Fugitive ex-CIA agent Edwin P. Wilson, arraigned yesterday in U.S. District Court here, will challenge the legality of his arrest earlier this week by federal officials, his lawyer said.
Judge John H. Pratt turned down a request by Wilson's lawyer, John Keats, to postpone the arraignment for one week. Keats said he wanted the delay to "verify information regarding Wilson's detention in the Dominican Republic and his arrest" in New York on Tuesday.
Wilson fled to Libya after his indictment here in April 1980, on charges of providing Libyan dictator Muammar Qaddafi with explosives, terrorist equipment and training.
Justice Department officials said that Wilson was captured after he was tricked into leaving Libya for the Dominican Republic, where, according to department officials, he was convinced he would have a "safe haven."
Wilson, traveling on a false Irish passport, left Libya Monday on a commercial flight to Zurich, where he was followed by deputy U.S. marshals. The deputies were on the same flight that Wilson took to Madrid and from there to the Dominican Republic, where Dominican officials refused to allow him to enter the country and put him on to a flight to New York.
Pratt gave Keats until July 14 to file preliminary motions challenging the arrest. In the meantime, he ordered Wilson to remain in custody under a $20 million bond. The U.S. Attorney's office declined to say where Wilson is being held.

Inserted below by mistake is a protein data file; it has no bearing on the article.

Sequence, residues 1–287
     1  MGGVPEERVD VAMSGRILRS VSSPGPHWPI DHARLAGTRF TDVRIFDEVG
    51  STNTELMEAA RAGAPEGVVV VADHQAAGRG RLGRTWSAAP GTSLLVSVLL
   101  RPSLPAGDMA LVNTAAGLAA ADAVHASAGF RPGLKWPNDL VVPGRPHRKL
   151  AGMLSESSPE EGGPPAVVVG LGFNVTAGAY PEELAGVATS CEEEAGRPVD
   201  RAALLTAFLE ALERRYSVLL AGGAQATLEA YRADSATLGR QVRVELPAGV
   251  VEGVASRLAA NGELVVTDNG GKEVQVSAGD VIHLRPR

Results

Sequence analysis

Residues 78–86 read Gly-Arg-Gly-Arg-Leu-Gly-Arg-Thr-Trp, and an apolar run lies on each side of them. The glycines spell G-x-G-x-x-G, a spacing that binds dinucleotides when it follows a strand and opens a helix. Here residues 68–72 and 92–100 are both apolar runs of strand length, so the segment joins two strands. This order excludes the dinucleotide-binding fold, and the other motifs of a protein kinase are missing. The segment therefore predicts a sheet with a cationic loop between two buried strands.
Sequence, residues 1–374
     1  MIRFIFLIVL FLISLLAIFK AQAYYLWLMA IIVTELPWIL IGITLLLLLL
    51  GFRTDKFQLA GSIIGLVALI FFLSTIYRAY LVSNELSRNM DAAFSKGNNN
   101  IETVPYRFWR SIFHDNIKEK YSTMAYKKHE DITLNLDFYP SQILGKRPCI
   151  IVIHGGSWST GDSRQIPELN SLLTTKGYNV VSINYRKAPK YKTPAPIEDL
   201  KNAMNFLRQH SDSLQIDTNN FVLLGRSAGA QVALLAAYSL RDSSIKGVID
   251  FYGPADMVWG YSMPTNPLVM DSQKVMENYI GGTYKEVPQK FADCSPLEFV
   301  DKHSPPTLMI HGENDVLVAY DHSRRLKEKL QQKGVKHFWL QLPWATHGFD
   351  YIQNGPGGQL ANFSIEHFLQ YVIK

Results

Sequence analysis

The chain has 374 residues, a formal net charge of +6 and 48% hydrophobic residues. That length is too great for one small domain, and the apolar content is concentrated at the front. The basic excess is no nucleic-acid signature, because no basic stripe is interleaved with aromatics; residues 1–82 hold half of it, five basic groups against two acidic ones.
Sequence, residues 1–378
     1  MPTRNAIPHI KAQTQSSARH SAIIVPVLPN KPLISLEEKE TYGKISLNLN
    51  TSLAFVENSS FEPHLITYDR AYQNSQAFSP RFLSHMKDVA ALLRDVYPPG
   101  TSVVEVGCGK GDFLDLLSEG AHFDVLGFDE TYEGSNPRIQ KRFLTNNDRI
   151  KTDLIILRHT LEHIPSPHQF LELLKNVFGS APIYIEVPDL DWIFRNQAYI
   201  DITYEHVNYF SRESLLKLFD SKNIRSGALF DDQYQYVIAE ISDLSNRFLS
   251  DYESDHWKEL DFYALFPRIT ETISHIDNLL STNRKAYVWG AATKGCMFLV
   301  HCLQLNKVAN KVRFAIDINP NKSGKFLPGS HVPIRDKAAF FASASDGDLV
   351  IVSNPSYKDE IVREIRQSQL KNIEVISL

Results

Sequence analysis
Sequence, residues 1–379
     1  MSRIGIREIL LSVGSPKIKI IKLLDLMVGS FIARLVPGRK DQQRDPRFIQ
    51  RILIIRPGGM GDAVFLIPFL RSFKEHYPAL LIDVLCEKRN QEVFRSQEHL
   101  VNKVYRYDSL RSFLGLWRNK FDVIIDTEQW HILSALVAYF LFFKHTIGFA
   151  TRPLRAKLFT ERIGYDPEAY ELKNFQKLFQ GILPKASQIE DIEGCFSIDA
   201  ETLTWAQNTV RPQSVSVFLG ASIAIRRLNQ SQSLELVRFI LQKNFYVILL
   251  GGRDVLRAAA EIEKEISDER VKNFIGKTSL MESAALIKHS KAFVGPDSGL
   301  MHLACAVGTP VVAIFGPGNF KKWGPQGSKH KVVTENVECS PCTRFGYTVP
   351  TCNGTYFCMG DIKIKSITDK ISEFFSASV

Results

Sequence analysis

Speaking to reporters afterward the hearing, Keats would not say why he thought the arrest procedures were illegal. Justice Department officials have said that Wilson left Libya after he was assured by an associate that he would not be arrested, but they would not comment further on how Wilson was persuaded.
Wilson, 53, appeared weary and subdued during the 10-minute proceeding yesterday, but Keats said afterward that Wilson was "in good spirits" and predicted a "long and difficult trial" in the next few months.
Francis E. Terpil, another former CIA agent indicted along with Wilson, is still a fugitive and is believed by federal officials and former associates to be living in Beirut.